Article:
When we graduated St Francis Xavier College in 2017, we didn’t think we’d be back here writing a blog so soon. The great wheel that is the S.A.R.T. keeps turning, churning out iteratively better robots every few months. But one element of the project has been stuck in the past since we first built it in 2016 – and that is our website.
It seems strange that it has been neglected for so long. After all, it won us the inaugural Open Source Award in 2017 and again in 2018. So why does it still ask visitors to download 50 MB of data and wait 30 seconds to load?
Enter Qirx, a Canberra-based systems integrator and St Francis Xavier College’s preferred IT provider for 5 years. More recently, Qirx has become a partner of the Semi Autonomous Rescue Team and employer of our own Alumnus Aaron Maggs.
With Aaron’s help, the Semi-Autonomous Rescue Team was able to secure a sponsorship with Qirx. Qirx has provided hosting space on one of their servers to host our new site, free of charge. Delivering blazing fast speeds (especially to the Canberra region where we are all based), this was the perfect first step and reminder to bring our site into the current era for 2019.
Server Hosting Sorted: But it’s only the first step. We need a WordPress theme built with the modern web in mind. Infinite is Goodlayers’ new flagship theme built on a new framework with their third generation page builder that makes the old Versatile page builder seem clunky and outdated.
Theme installation went smoothly. The honour of clicking the “enable” button went to Connor, who then worked with Aaron to get the navbars and sliders perfected in less than 2 hours.
The Site had a Fresh, New Look: But it still took almost as long to load. That’s where I came in. Using GTmetrix, I started working through the most prominent issues.
The first to be tackled were unnecessary redirects – in other words, going straight from “http://sfxrescue.com” to the default secure “https://www.sfxrescue.com” without visiting the non-SSL “http://www.sfxrescue.com” in between. This was done with a few simple lines in the .htaccess file. The fix shaved a few seconds off the site load time since the browser doesn’t have to wait to resolve an unnecessary redirect.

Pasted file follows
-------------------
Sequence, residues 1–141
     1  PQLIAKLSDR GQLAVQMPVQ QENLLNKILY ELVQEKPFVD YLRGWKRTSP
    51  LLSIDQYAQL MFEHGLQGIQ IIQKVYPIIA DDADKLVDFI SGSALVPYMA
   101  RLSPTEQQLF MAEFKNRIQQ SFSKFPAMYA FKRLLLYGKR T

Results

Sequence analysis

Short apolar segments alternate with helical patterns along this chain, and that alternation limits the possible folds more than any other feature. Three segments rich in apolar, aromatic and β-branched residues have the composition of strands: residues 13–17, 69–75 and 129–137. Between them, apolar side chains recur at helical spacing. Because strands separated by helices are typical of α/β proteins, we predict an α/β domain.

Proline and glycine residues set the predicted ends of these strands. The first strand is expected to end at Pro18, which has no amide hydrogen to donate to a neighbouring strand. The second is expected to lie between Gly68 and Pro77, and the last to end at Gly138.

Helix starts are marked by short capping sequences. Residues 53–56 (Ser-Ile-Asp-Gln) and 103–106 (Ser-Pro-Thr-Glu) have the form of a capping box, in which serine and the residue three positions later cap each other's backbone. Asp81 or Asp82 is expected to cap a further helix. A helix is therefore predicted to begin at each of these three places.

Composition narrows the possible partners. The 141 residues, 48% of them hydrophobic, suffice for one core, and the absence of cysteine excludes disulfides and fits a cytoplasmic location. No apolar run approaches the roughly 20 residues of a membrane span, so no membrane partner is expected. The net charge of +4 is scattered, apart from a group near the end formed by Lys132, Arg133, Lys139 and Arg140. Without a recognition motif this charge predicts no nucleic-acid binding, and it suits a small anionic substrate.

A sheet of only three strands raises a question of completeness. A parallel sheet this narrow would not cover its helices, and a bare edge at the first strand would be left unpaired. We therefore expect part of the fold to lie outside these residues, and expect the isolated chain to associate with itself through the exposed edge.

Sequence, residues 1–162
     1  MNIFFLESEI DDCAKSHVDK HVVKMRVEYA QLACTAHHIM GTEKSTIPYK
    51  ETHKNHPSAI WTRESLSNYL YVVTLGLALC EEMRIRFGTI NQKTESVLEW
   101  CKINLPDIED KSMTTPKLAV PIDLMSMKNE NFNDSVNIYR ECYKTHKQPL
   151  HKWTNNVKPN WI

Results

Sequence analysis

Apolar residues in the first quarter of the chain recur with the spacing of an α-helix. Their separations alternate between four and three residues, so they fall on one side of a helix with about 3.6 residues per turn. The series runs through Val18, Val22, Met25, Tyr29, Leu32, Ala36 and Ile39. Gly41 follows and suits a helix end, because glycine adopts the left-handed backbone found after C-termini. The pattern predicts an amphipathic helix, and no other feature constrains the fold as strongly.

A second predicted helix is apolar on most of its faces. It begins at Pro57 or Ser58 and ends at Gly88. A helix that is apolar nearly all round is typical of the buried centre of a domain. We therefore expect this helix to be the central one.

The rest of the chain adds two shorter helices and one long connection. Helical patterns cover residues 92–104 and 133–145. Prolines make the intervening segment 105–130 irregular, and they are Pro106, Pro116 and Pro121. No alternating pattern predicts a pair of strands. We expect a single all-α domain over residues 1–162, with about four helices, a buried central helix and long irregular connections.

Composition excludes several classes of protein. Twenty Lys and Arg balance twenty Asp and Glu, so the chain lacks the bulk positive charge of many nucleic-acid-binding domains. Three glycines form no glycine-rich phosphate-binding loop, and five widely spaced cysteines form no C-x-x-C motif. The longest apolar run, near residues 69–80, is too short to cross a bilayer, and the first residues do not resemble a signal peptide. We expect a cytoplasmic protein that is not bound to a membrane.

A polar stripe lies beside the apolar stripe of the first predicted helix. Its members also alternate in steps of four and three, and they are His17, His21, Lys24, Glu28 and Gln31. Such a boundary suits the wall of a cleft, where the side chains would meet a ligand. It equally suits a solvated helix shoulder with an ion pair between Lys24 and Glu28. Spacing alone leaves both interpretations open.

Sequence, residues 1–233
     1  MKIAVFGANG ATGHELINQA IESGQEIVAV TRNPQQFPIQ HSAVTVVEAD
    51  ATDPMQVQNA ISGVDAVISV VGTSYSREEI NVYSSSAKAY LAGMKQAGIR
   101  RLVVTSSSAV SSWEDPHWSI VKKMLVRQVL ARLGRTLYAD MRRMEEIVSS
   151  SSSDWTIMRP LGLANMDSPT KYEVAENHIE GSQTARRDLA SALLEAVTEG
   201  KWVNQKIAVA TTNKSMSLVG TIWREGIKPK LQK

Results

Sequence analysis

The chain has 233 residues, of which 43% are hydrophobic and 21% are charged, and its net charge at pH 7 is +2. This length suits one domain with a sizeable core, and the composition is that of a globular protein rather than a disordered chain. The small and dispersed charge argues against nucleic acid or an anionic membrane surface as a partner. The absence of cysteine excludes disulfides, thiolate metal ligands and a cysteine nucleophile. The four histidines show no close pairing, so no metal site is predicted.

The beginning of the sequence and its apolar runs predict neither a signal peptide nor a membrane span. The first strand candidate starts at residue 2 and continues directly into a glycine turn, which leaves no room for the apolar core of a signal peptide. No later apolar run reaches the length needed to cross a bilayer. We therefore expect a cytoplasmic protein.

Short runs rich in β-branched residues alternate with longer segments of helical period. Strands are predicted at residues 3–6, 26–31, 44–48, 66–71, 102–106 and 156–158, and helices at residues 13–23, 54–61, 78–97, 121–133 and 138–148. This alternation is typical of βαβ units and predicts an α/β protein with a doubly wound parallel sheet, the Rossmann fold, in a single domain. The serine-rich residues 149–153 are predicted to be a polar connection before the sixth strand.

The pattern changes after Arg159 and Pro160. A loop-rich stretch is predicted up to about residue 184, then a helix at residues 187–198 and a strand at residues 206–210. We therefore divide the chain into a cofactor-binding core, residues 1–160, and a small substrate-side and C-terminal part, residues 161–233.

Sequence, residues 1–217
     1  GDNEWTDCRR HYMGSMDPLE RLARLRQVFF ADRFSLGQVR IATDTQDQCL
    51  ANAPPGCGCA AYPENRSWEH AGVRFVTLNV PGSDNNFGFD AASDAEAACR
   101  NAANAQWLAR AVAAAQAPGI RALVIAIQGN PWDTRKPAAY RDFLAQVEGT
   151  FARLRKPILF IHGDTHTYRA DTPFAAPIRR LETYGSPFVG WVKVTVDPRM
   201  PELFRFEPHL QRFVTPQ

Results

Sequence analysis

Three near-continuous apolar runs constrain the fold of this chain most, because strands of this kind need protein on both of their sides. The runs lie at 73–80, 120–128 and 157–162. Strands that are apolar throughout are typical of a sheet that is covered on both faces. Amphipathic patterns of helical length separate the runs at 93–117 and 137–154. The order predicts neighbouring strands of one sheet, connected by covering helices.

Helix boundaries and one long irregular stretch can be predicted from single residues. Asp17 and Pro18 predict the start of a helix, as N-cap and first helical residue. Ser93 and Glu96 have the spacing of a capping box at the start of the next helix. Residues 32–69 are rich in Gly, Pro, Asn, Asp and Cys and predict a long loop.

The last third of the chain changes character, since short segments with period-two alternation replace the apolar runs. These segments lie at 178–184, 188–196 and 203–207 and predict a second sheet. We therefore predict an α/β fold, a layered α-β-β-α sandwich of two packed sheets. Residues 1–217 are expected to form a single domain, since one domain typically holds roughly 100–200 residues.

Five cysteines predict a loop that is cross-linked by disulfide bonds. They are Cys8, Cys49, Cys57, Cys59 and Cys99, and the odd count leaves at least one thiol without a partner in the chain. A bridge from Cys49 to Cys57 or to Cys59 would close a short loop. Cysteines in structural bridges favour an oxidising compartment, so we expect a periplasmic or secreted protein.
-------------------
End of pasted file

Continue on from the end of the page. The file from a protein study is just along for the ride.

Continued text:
With that working, I changed tack and started resizing the images used on the homepage – including the 185 images used in the blog section. As they are resized by CSS to 340px in width, anything larger was unnecessary. Images varied wildly from a few kilobytes to, in one case, 18 megabytes. This process, although it took all day, shrank the homepage from more than 45 MB to just under 8 MB, and with it went a considerable chunk of loading time.
The site was loading fast, and a tiny 4.5 MB in size. We could continue like this for many more years, but one underlying problem remained. Because we wanted to stick with our one-page design, every time we post a blog, another image gets added to the homepage. Eventually, the site would grow back to 45 MB in size, and it wouldn’t stop there. There’s only so much compressing of images that you can do. So, what if we didn’t load images that the user can’t see?
That’s right. Thanks again to LiteSpeed, we implemented lazy loading. This was something I had wanted to do for a long time, far before we changed our theme. I’ve said since the beginning that lazy loading would be the single best thing we could do for site performance, and in a few clicks, we went from this…
Lazy loading only loads the images that the browser can see in the viewport, saving on bandwidth and HTTP requests. Since I’d already optimised the images to only 20-40 KB each, the change to the total page size isn’t all that extreme. If I’d done this on the old site, we’d be looking at a drop of about 40 MB. However, HTTP requests dropped significantly, and our PageSpeed score rose to an acceptable “B”.
I found it difficult to set up browser caching, since specifying “ExpiresByType” in .htaccess requires the Apache module mod_expires.c, which is apparently not installed on the server. However, I found a WordPress plugin that could specify browser caching times on the site itself. “WP Fastest Cache” does much the same thing as LiteSpeed (except lazy loading and image optimisation, so we still need both plugins), so I had to disable many of the options to ensure optimal compatibility. After all was said and done, only “Browser Caching” was left ticked – everything else is handled by LiteSpeed.
The Results Are In: Our efforts have transformed our slow, old site into a beautiful modern masterpiece truly befitting a project like the S.A.R.T. GTmetrix provides historical data for all the times I ran their service on our domain. In every case, we drastically improved where it mattered.
The final thing we could do to speed up the site would be to serve our images via a Content Delivery Network, or CDN. A CDN hosts our images closer to end users, so that rather than downloading images from the Qirx server in Canberra, Australia, international visitors could download from a CDN node in, say, a datacentre in France, if it happens to be closer. This saves time on pings and translates to a much faster experience for these far-away-folk.
But that, my friends, is a task for another time.